The Loss

February 21, 2010
By Bricheze SILVER, Salt Lake City, Utah
Bricheze SILVER, Salt Lake City, Utah
8 articles 0 photos 4 comments

Favorite Quote:
"There are three kinds of people in the world: those who make change happen, those who watch change happen, and those who ask what happened. Be one of those who make change." -Robert Buchanan


We have all lost something we deeply care about, from close pets, to close family, we all know the feeling of dread and emptiness when they are gone.

Nine months ago in six days, a baby goat was born. His name was Kaz and I loved him with every fiber of my being. I bottle raised him, and he thought I was his mom; and I was, I was his adoptive mom. He followed me around like a dog and slept with me in my bed at night; we were closer then I could even be to a human. Two days ago, I went to Kaz's pen to take him on a walk. He was laying on his side, crying out in pain, and wouldn't get up.

I jumped the fence and ran to his side. He was still alive, but he was barely conscious. I wrapped him in my jacket and holding him, I walked him home as fast as possible. When I finally got him inside, I grabbed my comforter off my bed and wrapped him in it. I checked his temperature: it was 93 degrees, a normal temperature for goats is 103. He was close to death. Choking on sobs, I called my mom, I was certain his death was imminent and I couldn't speak.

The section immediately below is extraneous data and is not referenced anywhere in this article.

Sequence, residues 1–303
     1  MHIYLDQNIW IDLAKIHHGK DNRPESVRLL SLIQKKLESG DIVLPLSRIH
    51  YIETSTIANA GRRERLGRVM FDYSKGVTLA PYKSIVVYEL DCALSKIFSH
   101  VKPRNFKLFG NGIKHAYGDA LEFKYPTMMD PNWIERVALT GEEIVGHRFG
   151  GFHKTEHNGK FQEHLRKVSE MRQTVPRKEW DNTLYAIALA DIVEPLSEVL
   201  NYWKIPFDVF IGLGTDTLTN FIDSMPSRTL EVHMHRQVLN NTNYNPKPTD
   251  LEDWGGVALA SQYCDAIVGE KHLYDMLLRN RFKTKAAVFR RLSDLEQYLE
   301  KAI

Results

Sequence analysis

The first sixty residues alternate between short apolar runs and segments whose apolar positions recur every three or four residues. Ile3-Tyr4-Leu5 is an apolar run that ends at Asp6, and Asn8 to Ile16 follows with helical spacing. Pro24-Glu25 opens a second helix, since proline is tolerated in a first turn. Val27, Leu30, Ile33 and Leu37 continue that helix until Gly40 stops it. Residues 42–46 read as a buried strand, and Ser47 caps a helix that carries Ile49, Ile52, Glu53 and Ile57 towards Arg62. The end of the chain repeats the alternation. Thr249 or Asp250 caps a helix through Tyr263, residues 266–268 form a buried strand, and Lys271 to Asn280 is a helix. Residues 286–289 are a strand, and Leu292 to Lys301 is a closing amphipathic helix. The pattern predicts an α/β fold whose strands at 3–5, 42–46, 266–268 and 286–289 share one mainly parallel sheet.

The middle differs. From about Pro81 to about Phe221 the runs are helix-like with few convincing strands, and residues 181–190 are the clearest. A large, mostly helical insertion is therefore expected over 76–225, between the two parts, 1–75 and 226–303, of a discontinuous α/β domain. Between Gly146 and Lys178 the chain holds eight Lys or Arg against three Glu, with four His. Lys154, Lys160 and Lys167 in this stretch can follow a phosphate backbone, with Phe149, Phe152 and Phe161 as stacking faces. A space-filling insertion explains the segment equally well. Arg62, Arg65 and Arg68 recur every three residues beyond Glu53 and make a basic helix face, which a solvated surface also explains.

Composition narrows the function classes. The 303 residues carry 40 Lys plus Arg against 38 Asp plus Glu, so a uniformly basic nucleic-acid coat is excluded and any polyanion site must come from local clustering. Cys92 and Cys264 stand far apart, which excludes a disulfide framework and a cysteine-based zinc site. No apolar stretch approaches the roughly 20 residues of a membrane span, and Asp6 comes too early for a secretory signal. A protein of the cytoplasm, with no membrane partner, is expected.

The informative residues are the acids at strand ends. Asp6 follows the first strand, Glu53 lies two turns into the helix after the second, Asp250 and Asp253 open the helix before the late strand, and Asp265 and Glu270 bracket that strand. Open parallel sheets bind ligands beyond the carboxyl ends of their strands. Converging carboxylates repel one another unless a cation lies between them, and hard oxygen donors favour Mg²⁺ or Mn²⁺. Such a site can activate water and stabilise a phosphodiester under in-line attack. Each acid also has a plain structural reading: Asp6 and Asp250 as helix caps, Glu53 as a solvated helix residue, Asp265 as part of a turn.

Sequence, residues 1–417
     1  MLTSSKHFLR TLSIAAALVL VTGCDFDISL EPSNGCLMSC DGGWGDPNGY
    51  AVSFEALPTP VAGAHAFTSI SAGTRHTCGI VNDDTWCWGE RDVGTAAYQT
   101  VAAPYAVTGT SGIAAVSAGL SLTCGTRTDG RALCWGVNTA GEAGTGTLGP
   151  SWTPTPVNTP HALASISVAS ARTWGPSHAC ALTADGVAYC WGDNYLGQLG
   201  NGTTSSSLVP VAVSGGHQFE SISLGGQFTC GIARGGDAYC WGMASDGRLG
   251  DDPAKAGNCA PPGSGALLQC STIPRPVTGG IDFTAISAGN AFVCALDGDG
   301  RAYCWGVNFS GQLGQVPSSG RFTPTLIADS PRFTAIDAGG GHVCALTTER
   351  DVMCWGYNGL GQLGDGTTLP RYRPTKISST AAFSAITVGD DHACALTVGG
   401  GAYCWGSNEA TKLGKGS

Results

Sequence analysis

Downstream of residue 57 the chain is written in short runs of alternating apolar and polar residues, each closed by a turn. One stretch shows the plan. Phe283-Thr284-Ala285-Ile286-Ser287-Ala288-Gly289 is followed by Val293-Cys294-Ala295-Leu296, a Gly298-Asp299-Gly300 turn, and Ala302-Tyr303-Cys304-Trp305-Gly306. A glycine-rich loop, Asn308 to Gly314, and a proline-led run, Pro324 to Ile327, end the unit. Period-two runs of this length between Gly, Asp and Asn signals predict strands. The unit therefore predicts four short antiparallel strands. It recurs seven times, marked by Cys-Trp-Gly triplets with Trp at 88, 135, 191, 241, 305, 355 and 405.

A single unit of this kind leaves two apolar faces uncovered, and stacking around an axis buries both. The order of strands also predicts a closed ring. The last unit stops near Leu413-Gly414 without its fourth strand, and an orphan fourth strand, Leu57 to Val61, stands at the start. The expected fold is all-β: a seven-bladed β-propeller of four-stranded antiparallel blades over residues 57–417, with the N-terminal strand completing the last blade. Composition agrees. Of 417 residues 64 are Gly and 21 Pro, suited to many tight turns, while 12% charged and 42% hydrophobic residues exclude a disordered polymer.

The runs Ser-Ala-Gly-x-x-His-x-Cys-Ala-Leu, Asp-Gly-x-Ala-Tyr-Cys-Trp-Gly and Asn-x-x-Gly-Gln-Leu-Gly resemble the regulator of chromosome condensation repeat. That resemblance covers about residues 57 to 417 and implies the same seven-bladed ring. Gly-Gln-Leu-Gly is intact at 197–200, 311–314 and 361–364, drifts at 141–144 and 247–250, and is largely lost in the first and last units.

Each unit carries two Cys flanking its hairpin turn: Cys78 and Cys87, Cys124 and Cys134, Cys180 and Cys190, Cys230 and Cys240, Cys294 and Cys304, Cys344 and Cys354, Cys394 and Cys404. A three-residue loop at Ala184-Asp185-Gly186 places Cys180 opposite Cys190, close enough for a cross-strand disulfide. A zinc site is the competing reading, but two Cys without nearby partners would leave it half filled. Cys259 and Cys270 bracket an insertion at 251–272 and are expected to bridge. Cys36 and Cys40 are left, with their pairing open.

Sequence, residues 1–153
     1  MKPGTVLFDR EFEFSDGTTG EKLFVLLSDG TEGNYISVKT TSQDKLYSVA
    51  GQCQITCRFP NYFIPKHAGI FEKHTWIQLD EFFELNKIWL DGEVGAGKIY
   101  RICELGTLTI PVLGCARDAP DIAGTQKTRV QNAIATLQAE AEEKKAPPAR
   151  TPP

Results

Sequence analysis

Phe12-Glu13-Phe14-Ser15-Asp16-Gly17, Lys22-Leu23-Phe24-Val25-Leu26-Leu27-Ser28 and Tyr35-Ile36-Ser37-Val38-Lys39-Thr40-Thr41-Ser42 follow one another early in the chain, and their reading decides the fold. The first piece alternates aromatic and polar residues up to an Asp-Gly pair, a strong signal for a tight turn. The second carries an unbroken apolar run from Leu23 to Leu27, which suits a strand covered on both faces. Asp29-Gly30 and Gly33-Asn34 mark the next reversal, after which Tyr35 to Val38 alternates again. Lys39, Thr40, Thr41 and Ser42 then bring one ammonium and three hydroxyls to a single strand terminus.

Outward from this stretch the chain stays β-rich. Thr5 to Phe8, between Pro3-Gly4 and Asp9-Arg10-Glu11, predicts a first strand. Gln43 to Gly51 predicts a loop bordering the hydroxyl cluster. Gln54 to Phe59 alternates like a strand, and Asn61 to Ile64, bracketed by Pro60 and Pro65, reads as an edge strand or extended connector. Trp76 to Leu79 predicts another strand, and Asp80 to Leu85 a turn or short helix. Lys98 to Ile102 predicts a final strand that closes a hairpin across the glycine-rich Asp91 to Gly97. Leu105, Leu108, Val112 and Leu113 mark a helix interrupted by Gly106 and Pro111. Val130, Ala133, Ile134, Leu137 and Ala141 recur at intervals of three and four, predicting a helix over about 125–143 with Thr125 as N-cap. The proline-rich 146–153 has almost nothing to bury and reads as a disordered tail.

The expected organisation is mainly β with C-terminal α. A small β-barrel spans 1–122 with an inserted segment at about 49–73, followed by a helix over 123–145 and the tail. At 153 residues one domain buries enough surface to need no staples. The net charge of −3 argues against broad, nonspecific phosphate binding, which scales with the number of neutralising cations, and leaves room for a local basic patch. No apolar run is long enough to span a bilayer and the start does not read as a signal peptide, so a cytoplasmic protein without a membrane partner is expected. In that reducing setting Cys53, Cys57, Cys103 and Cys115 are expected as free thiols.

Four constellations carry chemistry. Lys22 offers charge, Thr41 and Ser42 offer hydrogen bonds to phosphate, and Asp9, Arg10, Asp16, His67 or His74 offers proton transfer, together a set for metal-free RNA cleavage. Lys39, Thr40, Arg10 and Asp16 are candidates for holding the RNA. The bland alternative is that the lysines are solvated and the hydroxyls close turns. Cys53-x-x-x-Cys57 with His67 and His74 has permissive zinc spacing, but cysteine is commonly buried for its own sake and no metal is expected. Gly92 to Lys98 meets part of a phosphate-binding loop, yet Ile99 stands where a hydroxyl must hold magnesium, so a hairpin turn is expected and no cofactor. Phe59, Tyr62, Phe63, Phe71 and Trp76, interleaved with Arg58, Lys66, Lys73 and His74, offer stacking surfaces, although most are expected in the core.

She couldn't get off work for several hours later, and still, we couldn't find a vet who knew about goats, who was willing to come in and work on him in emergency hours. Finally, we found one and rushed him to the office. The vet ran several tests, while we, and the vet's assistant, worked to get his temperature up. A blood test revealed that his glucose level was five times lower then usual. His stomach hadn't been working correctly for sometime, and now it was all catching up on him. Several glucose injections later, he began to perk up, and then he seemed to go back to normal. We were told to force feed him and keep his blood sugar up; and then we were sent home. He declined throughout the night and following day. We couldn't afford a hospitalization and called our vet, he told us to just keep doing as we were doing.

I refused to sleep, I held him all night long, as he grew sicker and sicker in my arms. I've never felt more hopeless. Finally, at 2:45 AM, February 20th, he looked up at me one more time. I whispered, “I love you, I love you,” over and over, as his blurry eyes gazed into mine one last time and he let out big breath; the sparkle left his eye. He was gone. I held him close for several minutes and cried. Finally, I wrapped what he had left behind in a towel and went to my mom.


The author's comments:
I loved Kaz so much, it seemed impossible for him to die, and even now, it doesn't seem real. It feels like if I call his name, he will come running as always...

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